follows a feminine and trendy aesthetic that incorporates a series of contrasts between history and the present and between seriousness and freedom in the design. Its use of bright, bold colors and fun scripts was created to attract a wide range of female audiences, from young to old. The campaign is an example of a modern and trendy marketing approach and aligns with the values of successful marketing strategies in 2018.

FIG 3A. Front side of installation at a left angle.

CONCLUSION The Dare to Be First campaign is an effort to confront old issues with a new approach. Feminism and women’s rights in the United States remain a controversial topic due to many conflicting opinions in society. The fight for equality is extremely complicated and “operates in occupational, educational, judicial, economic and social—including romantic—sphere[s].”8 There is no one right or wrong opinion, and there is no exact start or end to the fight. While there will always be issues and disagreements in the discussion of feminism, Dare to Be First offers a refreshing and easily agreeable approach. By using examples of women from the past and displaying how their hard work paved the way for women today, it is clear to see how their resilience has left a lasting and positive impact for future generations. Dare to Be First FIG 3B. Front side of installation at a right angle. 13

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FIG 4. Storyboard for the DTBF promotion video. (Credit to Eman Al-Zubeidi).

FIG 5. Final design elements for one scene of the DTBF promotion video. (Credit to Alex Hueste)

FIG 6A, 6B, & 6C. Social media posts counting the days before the installation was revealed.

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FIG 7A, 7B, 7C & 7D. Social media posts counting the days before video release.

Scan to Watch: Dare to be First Promotional Video.

FIG 8A, 8B, 8C, & 8D. Scenes from Dare to Be First promotion video footage.


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ACKNOWLEDGMENTS I would like to thank my campaign partners, Alex Hueste and Eman Al-Zubeidi, for their dedication to our cause and our friendship. Alex is responsible for the creation of the majority of the design elements, including the logo design, environmental installation design, and graphic elements from the promotional video. Eman is to credit for the majority of the film production and editing in the promotional video. However, we all worked tirelessly and cohesively as a team to give the Dare to Be First campaign life.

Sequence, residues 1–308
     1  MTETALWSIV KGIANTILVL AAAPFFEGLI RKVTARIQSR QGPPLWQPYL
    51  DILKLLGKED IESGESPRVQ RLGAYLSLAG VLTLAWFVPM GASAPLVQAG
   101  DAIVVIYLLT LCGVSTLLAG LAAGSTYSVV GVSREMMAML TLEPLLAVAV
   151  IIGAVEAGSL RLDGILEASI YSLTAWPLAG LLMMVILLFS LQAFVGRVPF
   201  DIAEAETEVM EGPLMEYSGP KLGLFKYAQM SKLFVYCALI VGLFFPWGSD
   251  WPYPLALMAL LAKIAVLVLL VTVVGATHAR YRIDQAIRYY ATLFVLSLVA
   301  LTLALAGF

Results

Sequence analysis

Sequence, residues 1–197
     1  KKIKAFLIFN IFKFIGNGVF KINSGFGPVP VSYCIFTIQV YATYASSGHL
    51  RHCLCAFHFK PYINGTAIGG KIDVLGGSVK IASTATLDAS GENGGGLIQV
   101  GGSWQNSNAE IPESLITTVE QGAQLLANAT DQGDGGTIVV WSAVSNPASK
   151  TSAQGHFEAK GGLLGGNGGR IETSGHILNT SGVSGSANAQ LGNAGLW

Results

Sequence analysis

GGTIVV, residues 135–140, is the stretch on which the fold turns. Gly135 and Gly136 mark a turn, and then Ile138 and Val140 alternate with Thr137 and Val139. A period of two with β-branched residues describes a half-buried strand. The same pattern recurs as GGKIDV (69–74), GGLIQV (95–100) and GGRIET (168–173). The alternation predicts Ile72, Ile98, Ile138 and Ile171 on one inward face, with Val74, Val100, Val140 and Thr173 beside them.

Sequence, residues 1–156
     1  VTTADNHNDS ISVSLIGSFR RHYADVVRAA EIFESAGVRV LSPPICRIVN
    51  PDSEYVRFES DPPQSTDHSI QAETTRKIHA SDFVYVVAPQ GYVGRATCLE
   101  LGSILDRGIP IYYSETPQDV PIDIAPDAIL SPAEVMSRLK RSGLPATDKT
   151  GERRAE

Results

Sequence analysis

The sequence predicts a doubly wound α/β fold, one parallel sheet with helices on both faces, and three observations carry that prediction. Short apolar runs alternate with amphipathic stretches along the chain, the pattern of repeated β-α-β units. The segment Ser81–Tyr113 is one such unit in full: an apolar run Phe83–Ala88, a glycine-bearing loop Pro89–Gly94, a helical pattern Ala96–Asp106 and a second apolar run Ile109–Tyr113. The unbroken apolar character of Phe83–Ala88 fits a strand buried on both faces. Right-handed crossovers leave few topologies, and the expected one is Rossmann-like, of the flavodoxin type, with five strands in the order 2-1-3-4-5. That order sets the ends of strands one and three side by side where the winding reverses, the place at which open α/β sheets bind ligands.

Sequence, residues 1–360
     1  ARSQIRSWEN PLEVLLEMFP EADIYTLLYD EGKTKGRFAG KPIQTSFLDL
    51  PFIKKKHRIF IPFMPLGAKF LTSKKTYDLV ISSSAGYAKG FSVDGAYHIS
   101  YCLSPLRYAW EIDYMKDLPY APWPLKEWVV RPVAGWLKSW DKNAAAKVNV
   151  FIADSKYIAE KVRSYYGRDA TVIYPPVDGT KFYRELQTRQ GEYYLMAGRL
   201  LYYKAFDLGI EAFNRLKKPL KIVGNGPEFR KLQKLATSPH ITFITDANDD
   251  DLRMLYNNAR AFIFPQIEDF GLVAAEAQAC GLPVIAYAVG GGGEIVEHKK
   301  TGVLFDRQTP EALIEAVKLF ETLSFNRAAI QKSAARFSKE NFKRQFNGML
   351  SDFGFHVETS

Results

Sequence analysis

Caroline Piazza ‘18 Caroline Piazza is a graduating senior visualization major from Plano, Texas. Caroline participated in the 2017–2018 class of the Undergraduate Research Scholars where she completed her thesis, which culminated in this article, under the direction and guidance of Professor Anatol Bologan. After graduation, Caroline hopes to to begin working toward her goal of becoming a corporate art or creative director.

References 1. “1960s-70s American Feminist Movement: Breaking Down Barriers for Women.” Tavaana, E-Collaborative for Civic Education, en/content/1960s-70s-american-feminist-movement-breaking-down-barriers-women. 2. Baumgardner, Jennifer. 2011. “F’em! Goo Goo, Gaga, and Some Thoughts.” Berkeley, California: Seal Press 3. Bisignani, Dana. 2015. “History of Feminism in the U.S.: The First Wave.” The Gender Press, 4. Evans, Elizabeth. 2015. The Politics of Third Wave Feminisms: Neoliberalism, Intersectionality, and the State in Britain and the US. London: Palgrave Macmillan. 22. 5. Garvin, Monica. 2018. “‘I Don’t Hate Men’: Understanding the Actual vs. Perceived Definition of Feminism.” The Tiger, Clemson University, www. 6. Stephenson, Lane. 2013. “Texas A&M To Commemorate 50th Anniversary Of Admission Of Women, Minority Inclusiveness.” Texas A&M Today, today. 7. Texas A&M University, “Accountability - Measuring the Pursuit of Excellence.” Student Demographics, Texas A&M University, All-Metrics/Mixed-Metrics/Student-Demographics. 8. Zawisza, Magdalena. 2016. “Why do so many women oppose feminism? A psychologist explains.” The Independent, Independent Digital News and Media, www.